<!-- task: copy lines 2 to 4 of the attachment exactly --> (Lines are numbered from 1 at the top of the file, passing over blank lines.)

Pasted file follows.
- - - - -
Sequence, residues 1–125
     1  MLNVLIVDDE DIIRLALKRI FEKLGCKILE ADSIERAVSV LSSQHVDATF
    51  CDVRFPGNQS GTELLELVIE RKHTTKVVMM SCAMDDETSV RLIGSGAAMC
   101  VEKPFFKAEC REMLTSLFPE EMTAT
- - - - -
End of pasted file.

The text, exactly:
     1  MLNVLIVDDE DIIRLALKRI FEKLGCKILE ADSIERAVSV LSSQHVDATF
    51  CDVRFPGNQS GTELLELVIE RKHTTKVVMM SCAMDDETSV RLIGSGAAMC
   101  VEKPFFKAEC REMLTSLFPE EMTAT